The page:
Hashmasks in the Dark Forest, or why DeFi alphas will love farming Name Changing Tokens.

Hashmasks are still keeping me awake at night, here’s why…

The purpose of this article is to briefly explain why Hashmasks will inevitably attract the keenest players in the DeFi world. Having honed their craft in the cut throat world of trading on decentralized exchanges—arbitrage, front running bots, leverage and a whole plethora of secret tricks—these well capitalized whales will find profit in applying their crypto-native mindset and DeFi skillset to trading Hashmasks. Their presence will increase the value of Hashmasks at the same time as it influences how the Hashmasks game is played.

This article is for an intermediate audience that understands the basics of Hashmasks. If you’re just getting started with Hashmasks, please read my introductory article first:

With that background in place, let’s now proceed on a speculative mind journey. I’m going to move quickly and assume that the reader has a relatively sophisticated understanding of Ethereum.

The Tokenomics of Hashmasks: Floor and Ceiling

Okay, let’s begin with the tokenomics of Hashmasks, an NFT on the Ethereum blockchain. There are many different ways to value Hashmasks.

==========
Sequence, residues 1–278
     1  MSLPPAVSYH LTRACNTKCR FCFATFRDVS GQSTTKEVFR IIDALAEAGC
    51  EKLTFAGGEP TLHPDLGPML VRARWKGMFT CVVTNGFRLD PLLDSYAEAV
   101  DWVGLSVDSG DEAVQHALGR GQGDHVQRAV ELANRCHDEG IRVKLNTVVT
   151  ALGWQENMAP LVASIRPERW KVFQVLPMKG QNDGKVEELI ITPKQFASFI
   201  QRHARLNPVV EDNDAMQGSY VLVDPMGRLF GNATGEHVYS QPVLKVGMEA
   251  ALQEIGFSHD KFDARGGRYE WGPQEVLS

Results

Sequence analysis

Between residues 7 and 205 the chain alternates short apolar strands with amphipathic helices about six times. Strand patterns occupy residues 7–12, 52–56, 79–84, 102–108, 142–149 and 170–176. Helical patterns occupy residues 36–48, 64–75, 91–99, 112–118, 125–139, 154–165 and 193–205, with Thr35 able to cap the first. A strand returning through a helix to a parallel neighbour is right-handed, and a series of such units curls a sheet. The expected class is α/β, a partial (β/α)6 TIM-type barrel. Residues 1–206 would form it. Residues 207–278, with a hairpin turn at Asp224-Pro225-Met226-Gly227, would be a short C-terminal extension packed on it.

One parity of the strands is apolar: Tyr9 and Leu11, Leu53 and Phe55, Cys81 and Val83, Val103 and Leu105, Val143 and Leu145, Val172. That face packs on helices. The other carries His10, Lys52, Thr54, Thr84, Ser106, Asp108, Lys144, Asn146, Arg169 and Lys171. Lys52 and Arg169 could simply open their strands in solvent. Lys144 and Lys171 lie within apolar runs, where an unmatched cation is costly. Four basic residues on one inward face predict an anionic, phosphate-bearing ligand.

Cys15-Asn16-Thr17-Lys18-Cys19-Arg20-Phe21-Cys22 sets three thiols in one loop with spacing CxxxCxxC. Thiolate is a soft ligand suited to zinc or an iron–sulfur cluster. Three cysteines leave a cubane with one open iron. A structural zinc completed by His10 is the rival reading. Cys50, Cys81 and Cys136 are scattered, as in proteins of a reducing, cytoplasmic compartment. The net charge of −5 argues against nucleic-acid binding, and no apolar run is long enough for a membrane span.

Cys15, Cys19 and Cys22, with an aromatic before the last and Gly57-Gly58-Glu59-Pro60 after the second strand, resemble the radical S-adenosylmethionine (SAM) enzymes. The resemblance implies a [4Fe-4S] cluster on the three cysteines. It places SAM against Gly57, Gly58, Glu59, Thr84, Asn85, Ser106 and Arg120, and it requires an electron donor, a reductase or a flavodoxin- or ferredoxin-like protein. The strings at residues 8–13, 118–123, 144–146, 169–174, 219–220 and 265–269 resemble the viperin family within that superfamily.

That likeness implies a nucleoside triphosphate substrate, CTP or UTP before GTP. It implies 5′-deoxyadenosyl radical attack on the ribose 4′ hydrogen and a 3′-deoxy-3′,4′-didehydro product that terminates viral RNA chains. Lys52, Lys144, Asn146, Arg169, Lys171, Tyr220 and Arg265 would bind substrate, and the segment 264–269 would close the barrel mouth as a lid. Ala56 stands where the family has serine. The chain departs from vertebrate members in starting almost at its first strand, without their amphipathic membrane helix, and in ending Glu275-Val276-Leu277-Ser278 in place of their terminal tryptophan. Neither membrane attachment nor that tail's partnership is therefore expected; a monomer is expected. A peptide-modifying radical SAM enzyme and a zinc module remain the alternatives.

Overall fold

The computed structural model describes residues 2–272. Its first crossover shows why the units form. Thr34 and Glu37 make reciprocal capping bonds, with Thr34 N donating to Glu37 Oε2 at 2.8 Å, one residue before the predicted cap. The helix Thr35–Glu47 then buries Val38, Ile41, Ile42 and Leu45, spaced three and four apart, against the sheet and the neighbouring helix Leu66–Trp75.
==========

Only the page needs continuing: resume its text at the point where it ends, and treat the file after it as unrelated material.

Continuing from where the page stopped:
Thus far, the dominant method has been to look at them as individual artworks, judge their rarity and price them differently on the basis of explicit and hidden traits. This is an approach more typical of the art world and collectors who prize uniqueness. Right now, the ceiling price of Hashmasks is roughly $650,000, the highest price paid for a Hashmask.

There is another way to value Hashmasks, however, and that is to look instead at the minimum price of the most “common” Hashmask. This is the floor price and it is determined by the minimum price on OpenSea which should, ideally, be nearly equivalent to the price of $MASK, a token representing a share of the pool of Hashmasks owned by NFTX. Today the floor price is around $1,300.

Coingecko chart of the floor price of Hashmasks (source).

Now what is the proper ratio between the floor and ceiling of an art work? That is a difficult question to answer definitively but let’s try to do so with reference to the artist Pablo Picasso.

Picasso’s least expensive artwork.

Picasso produced around 50,000 artworks in his lifetime. Picasso’s least expensive artwork is worth $45.1 million. His most expensive artwork is $179.3 million. So the ration of ceiling to floor for Pablo Picasso is roughly 1:4, which means that the most expensive artwork he produces is only four times the cost of the least expensive.